RISING – the state’s newest major event, has opened its inaugural festival. Comprised of 133 events and projects, featuring over 750 Victorian artists, the festival will spectacularly transform the city – in a surge of art, music, performance and ceremony – until 6 June 2021.
With public health and audience safety of paramount concern, much planning has gone into ensuring that RISING is a Covid-safe environment. All events and festival venues will be deploying Covid-19 Safety Plans and implementing all mandatory Department of Health regulations including capacity and social distancing measures, as well as mandatory registration where required.
As a visual signpost of the festival’s commencement, the Birrarung (Yarra River) will light up, as a 200-metre-long glowing eel skeleton comes to life on the water. Made up of hundreds of floating lanterns created by the community, under the supervision of internationally acclaimed public-art makers The Lantern Company, Wandering Stars will be on every night of the festival and is free to attend.
After holding Melbourne’s imagination for decades, the mysterious Flinders Street Station ballroom (and its surrounding hidden rooms) will open to the public to become A Miracle Constantly Repeated – an eco-system of hyper-real silicone sculptures, video, sound and light devised by one of Australia’s preeminent contemporary artists, Patricia Piccinini.
Around the corner, nature takes over the entire Sidney Myer Music Bowl, transforming its iconic amphitheatre into a supernatural forest of ice, art, sound and moonlight at The Wilds.
Enter through a bamboo forest and encounter mirrored illusions, architectural tunnels of light, large-scale sculpture, video art and witness the return of a beloved tradition – ice-skating on the bowl’s stage – under a giant moon.
Featuring an array of food and beverage offers from Melbourne’s most beloved chefs, The Wilds also includes a dramatic pop-up restaurant – The Lighthouse – perched high atop the Bowl’s amphitheatre by chef David Moyle.
Deep in the heart of Chinatown emerges Golden Square – RISING’s spiralling, sparkling art car park. Starting on the car park roof, audiences can take in Melbourne’s iconic skyline lit up by building-sized projections.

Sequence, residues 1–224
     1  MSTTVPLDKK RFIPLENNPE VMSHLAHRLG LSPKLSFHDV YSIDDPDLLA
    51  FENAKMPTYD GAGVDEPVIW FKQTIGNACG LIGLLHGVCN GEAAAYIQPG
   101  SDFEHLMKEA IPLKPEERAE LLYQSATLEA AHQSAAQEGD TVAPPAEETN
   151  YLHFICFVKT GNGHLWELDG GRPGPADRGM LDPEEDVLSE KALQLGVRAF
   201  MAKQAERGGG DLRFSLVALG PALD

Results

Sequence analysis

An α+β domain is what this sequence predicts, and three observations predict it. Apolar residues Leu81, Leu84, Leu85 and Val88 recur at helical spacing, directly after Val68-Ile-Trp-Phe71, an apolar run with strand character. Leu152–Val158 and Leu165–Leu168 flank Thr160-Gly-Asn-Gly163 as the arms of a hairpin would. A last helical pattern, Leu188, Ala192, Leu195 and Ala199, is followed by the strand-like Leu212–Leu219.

Cocktails flow from Fancy Free’s pop-up bar, while an astonishing array of artworks include underfoot murals and melting columns of frozen lake water. Elsewhere in Chinatown you can join in a mysterious late night listening club or witness American art icon Jenny Holzer’s I Conjure.
“RISING is a festival that has been built for winter and the events, artworks, dining experiences and performances have been lovingly made over the course of the last year to bring the city to life with a vibrant, coordinated arts experience for the next 12 nights,” said Co-Artistic Director, Gideon Obarzanek.
Obarzanek’s Co-Artistic Director Hannah Fox explained further: “There are many ways to approach this program, from getting out into nature with the family at The Wilds to First Peoples hip hop, trap and grime at Max Watts or exploring art in Chinatown followed by Late Night Yum Cha in the Town Hall.”
“We have attempted to craft a program that matches the adventurous and insatiable appetite of Melbourne audiences,” said Fox.
Across the city, Max Watts and the Comedy Theatre will be filled with a dedicated selection of the very best of Melbourne music right now curated by Woody McDonald, while the Melbourne Town Hall will be transformed into a culinary cathedral, where punters can feast on late night yum cha or warm their souls at RISING’s street-side soup stall – Stock Exchange.
The Arts Precinct plays host to theatre and dance from some of Australia’s most acclaimed companies, including Back to Back Theatre, Dancenorth Australia and ILBIJERRI Theatre Company, while a Spirit Eel snakes its way around the Hamer Hall façade in a huge projection work by Maree Clarke (Mutti Mutti/Yorta Yorta/BoonWurrung) and Mitch Mahoney (BoonWurrung/Barkinji).
But RISING’S not letting the CBD have all the fun, with events and performances popping up across the state. At Dromana Drive-In, celebrated cinematographer Sandi Sissel, alongside Willoh?Weiland?and James Brennan will present Deep Throat Drive-In – an intimate and avenging night of cinema.
In North Melbourne, theatre makers Anna Breckon and Nat Randall present their loose interpretation of Who’s Afraid of Virginia Woolf in the world premiere of Set Piece. In the city’s south west The Substation will transform into three levels of choose-your-own-adventure theatre and mud wrestling, and Princess Park will become home to a hot air balloon made from at least 400 re-purposed plastic bags in Museo Aero Solar.
Ambitious in both its scope and scale, RISING is poised to set a new benchmark for what a cultural festival can be. The festival continues to Sunday 6 June 2021. For more information and full program, visit: www.rising.melbourne for details.
Image: Wandering Stars on the Birrarung (Yarra River) – courtesy of RISING